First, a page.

Saturday, October 4, 2008

West Coast Road Trip Part 1: San Francisco highlights

In four days on the ground in the San Francisco area, we barely scratched the surface. Through Pleasanton and Livermore, Berkley and Oakland, from Embarcadero to the Tenderloin, we did some silly things, saw some dear friends, and ate some good stuff. All the while being blown away by the beauty and diversity of the Bay area.

A blow-by-blow would prove less than interesting, but some highlights (“a few of our favorite things”) include:

For all its limitations, it’s fast, cheap, and easy. From the time we got off the plane at SFO, we were at our buddy’s office in the financial district in under an hour - for less than $6 a head. Try THAT from Washington Dulles! Staying with him out in the ‘burbs, BART got us where we needed to go easily and cheaply.

This just serves to remind me, there are two types of major cities in the world: those where you can ride a train from the airport to the city center, and those where you can’t. It’s hard to make the list of great travel destinations if you’re not among the former. Anybody who’s reveled in moving from O’Hare to the Magnificent Mile, Heathrow to Piccadilly, or Changi to Orchard Road without suffering a bus interchange or traffic jam knows what I’m talking about. Conversely, anybody who’s sat unmoving sucking exhaust fumes while their Baht or Dollars or Yen roll away on a taxi meter understands.

Ferry Building:
Contrived? Yes. But the Ferry terminal building serves to capture much of the essence of San Francisco in a fine foods sense. Pleen took to referring to is as “my favorite building”

Our lunch on the day we arrived at Mistral is a case in point. This is, by any reasonable measure, fast food. It just doesn’t suck.

The lamb stew was rich with cumin, cinnamon, ginger, coriander, .green anise and cheyenne pepper ladled over couscous. The white beans Provencale & roasted butternut squash made for a beautiful plate of comfort food. Rounded out with an Anchor Steam for ~ $10, this is my idea of a value meal!

Walking around after that first lunch we reveled in the accessibility of lots of the bay area’s best eats: from Peet’s Coffee to the wonderful gingerbread cupcakes from Miette

When we returned the next day to pick up a few extra cupcakes for our kind hosts, we couldn’t pass up a sourdough cheese wheel from Acme Bakery before we headed out. Acme without having to head all the way to Berkley?!? A treat!!

Ferry Building merchant list & map:

Mistral Rotisserie Provencale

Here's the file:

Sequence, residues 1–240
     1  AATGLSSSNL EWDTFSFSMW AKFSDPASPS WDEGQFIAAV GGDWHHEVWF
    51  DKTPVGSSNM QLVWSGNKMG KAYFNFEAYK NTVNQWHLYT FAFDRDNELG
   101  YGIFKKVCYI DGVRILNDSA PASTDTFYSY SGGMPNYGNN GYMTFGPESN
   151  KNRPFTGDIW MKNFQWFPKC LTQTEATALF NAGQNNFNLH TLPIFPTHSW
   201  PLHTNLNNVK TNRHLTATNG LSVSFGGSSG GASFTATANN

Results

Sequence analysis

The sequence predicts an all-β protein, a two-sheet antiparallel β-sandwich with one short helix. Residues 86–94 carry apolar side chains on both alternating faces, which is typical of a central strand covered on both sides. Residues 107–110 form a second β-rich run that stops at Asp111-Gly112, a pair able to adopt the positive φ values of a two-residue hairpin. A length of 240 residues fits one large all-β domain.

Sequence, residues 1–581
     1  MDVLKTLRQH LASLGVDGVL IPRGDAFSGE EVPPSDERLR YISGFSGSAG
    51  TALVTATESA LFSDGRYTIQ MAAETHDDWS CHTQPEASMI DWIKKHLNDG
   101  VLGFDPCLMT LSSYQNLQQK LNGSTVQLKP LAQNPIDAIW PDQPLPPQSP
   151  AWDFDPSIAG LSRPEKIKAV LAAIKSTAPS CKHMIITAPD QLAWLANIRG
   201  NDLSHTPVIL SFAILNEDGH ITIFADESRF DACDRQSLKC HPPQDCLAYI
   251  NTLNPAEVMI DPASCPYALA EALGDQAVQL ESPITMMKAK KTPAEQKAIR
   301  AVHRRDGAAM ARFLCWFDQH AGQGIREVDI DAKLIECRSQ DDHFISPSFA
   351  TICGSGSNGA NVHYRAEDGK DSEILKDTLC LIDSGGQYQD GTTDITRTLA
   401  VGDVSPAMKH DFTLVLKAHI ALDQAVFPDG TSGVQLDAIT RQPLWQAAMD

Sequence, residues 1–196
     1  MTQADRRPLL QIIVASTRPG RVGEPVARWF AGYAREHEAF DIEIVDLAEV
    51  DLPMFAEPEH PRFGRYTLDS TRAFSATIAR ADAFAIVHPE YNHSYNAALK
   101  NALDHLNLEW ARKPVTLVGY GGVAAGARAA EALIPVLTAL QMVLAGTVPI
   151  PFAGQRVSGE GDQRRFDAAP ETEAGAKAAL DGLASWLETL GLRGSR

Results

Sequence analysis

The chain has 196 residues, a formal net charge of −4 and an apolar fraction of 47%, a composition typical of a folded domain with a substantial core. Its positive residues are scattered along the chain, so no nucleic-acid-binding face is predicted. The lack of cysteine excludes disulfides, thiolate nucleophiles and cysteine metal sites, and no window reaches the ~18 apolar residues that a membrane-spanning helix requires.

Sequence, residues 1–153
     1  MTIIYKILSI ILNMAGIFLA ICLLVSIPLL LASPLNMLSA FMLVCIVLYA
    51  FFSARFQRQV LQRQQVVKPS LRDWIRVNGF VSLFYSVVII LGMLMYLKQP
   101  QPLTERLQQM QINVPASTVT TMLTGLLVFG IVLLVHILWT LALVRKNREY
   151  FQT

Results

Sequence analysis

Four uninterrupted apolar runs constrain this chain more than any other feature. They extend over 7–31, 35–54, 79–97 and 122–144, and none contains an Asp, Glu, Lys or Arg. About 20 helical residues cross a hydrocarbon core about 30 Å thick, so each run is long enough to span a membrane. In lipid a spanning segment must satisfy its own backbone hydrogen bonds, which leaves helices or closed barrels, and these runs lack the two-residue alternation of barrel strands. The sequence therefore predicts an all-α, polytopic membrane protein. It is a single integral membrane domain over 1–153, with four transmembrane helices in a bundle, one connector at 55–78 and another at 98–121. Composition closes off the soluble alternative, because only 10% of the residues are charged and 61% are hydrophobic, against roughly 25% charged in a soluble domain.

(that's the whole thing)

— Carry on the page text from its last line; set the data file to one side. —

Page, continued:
1 Ferry Bldg
San Francisco, CA 94102

Miette Patisserie
Ferry Building Marketplace, Shop 10
San Francisco, CA 94111

Acme Bread Company
Ferry Building Marketplace, Shop #15
San Francisco, CA


Pleen and I aren’t really fans of organized tours. OK, let’s be honest. Pleen and I are the kind of people who make fun of organized tours and the people who take them. It’s not fair or logical, but there it is.

Well, perhaps we’re opening our perspectives in our old age, because we did two tours and loved them both. One was a Segway tour of San Francisco that was an utter blast and yielded the most goober-ish shot of the entire trip

The other was a Scharffen Berger factory tour (for Pleen, “pilgrimage” is a more accurate descriptor) that was fascinating and inspiring . . . and generated a close second.

Electric Tour Company
757 Beach Street
San Francisco, CA 94109-1218

Scharffen Berger
914 Heinz Avenue,
Berkeley, CA 94710

Great Stuff and a Great Mix:
Everywhere you turn in the bay area great ingredients abound. The earth and the sea give up more great edible stuff than you can imagine. From this surfeit, cooks and confectioners of all backgrounds go to town and create wonderful food.

There's so much that’s good that the old ghetto-ization of food has broken down. It’s not about a geography of Chinatowns or Italian neighborhoods. Nor do the cuisine classifications of Continental or pan-Asian apply. The old borders just can’t contain all that’s happening.

Malaysian nibbles prepared by a white guy in a hip urban neighborhood? Check. Beef tri-tip dressed in cilantro sauce from a Brazilian guy in a parking lot shack? Yup. Cantonese family cuisine from a suburban mall abutting vineyards? Of course. Whether you want a $5 sandwich, a $10 plate of noodles, a $28 fillet of swordfish, or a $50 whole snapper, it applies across price points. It all makes sense. It’s all great. None of it is out of place because the strictures of place seem infinitely expanded.

2030 Union St
San Francisco, CA 94123

Brazil Cafe
1983 Shattuck Ave
Berkeley, CA 94704

Koi Garden
4288 Dublin Blvd
Dublin, CA 94568


Anonymous said...

Just for the record, I can get you home from Dulles airport for less than $5. Granted, you have one (1) bus to metro transfer, but the 5-A to Dulles is a dream come true.

Jawper said...

That's the one that goes from Rosslyn to IAD? Yea. It's WAY cool.